What is a jet fighter ? Simply one of the best aircrafts designed, one of the best to fly, and one that conveys power.
A fighter aircraft is a military aircraft designed primarily for air-to-air combat with other aircraft, as opposed to a bomber, which is designed primarily to attack ground targets. The hallmarks of a fighter are its small size relative to contemporary types, speed and maneuverability. Many fighters have secondary ground-attack capabilities, and some are dual-roled as fighter-bombers. It is not unusual for aircraft that do not fulfill the standard definition to be labelled or described as fighters. This may be for politicial or national security reasons, for advertising purposes or other reasons. Fighters are the means by which armed forces gain air superiority over their opponents in battle. Since World War I, achieving and maintaining air superiority has been essential for victory in conventional warfare.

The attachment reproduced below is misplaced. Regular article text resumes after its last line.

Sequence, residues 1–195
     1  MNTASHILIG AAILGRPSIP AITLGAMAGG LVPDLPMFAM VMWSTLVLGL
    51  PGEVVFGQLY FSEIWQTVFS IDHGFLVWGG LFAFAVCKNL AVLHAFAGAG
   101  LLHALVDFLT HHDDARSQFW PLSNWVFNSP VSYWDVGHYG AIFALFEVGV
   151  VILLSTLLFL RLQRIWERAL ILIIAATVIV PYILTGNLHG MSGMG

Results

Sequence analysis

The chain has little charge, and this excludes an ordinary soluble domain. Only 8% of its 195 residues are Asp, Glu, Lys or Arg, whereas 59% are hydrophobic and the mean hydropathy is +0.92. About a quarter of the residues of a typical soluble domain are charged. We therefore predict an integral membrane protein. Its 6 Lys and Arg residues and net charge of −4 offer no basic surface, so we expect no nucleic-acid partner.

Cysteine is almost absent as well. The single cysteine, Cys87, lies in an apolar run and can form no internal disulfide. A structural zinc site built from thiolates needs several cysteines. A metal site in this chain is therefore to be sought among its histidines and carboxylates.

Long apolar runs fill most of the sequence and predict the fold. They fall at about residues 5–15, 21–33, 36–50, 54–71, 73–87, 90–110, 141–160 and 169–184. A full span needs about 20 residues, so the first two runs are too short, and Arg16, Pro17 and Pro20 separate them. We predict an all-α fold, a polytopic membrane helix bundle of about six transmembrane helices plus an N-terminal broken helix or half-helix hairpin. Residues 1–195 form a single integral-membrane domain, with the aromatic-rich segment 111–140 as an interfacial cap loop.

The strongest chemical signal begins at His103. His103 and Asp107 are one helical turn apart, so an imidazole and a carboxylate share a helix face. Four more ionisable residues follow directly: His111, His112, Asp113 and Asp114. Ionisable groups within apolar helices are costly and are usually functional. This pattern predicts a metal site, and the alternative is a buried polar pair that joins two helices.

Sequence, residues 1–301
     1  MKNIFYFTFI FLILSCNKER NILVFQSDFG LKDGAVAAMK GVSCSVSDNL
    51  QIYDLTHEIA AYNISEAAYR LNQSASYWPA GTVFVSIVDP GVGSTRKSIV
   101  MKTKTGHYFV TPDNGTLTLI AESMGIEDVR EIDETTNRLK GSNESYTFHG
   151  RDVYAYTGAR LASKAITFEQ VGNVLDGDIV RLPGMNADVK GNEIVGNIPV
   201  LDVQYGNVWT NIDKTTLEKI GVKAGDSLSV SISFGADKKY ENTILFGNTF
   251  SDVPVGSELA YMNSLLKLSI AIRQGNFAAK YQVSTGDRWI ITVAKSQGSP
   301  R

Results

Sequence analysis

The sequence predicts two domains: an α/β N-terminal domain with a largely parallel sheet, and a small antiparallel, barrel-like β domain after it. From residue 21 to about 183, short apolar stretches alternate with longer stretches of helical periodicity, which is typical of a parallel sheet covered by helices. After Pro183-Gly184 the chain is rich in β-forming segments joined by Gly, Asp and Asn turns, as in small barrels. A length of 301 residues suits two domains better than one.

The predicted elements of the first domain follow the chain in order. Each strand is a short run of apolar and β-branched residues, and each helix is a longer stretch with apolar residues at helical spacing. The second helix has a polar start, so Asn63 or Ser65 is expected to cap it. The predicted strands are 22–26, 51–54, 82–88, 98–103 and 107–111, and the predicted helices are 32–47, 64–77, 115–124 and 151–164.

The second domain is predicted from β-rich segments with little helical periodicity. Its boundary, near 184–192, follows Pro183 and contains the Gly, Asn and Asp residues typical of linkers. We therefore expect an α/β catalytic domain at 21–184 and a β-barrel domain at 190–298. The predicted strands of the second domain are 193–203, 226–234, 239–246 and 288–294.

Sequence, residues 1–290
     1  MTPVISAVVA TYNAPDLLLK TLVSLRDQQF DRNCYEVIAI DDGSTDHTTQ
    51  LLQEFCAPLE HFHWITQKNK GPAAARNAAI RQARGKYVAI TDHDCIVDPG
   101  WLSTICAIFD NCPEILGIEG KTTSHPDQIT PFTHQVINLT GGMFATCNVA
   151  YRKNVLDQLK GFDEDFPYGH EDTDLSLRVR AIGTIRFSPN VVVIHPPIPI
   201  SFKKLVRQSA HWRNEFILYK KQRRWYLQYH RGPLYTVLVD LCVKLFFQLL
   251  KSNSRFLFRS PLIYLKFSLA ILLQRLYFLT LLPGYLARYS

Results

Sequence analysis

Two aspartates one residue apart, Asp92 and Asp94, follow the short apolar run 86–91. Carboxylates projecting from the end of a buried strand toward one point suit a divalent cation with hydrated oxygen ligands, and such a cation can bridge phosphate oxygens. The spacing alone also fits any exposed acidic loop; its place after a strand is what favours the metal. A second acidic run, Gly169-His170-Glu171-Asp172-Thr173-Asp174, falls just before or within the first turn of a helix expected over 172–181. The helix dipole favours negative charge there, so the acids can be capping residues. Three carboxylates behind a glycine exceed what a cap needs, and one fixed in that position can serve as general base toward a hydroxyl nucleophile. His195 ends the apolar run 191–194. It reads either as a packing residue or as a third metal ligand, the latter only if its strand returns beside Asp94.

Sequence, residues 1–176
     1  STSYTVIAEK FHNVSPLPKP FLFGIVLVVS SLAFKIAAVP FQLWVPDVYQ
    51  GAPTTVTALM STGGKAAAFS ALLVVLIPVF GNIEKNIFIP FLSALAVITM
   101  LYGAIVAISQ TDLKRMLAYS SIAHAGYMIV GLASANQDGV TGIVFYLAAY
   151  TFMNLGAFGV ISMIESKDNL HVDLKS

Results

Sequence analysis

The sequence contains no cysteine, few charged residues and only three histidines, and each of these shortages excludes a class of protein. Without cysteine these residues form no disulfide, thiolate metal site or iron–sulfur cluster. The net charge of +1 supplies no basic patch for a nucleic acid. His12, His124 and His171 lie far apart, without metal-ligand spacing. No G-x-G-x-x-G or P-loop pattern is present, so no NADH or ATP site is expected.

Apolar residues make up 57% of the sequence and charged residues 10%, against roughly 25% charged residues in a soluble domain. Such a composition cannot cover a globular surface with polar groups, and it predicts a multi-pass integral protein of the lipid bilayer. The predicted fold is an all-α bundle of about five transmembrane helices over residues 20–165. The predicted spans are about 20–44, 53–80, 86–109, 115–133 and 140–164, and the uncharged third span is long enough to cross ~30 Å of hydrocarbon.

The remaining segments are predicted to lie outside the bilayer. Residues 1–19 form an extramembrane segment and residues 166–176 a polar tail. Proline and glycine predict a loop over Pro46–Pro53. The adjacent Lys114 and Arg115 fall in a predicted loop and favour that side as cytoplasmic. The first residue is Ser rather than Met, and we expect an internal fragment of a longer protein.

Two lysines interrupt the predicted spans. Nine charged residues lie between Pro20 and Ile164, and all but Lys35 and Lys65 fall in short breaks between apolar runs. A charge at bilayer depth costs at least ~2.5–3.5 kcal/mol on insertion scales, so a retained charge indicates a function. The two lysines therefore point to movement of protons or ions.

In the early days of the Great War, the bomber was a relatively new concept. Like all Great War era aircraft, it had many problems, the majority of them crippling. As Canadian ace Billy Bishop once stated: «They gave us these bombs, and told us to drop them on someone». Early bombing was a very archaic practice. Rickety biplanes were not strong enough to hold bombs underwing until later on in time. Sometimes, the sheer weight of the bombs prevented the planes from even getting off the ground, and in order to accommodate the bombs, instruments, or even the invaluable machine guns, might be removed. The pilot would have to load his bombs, fly to his target, and throw them out of the plane, guiding them to their target with equal measures luck and prayer. As one could expect, this form of bombing never made a significant dent in the war machines of the Allies or the Entente. It did provide pilots, however, with valuable lessons on the art of bombing.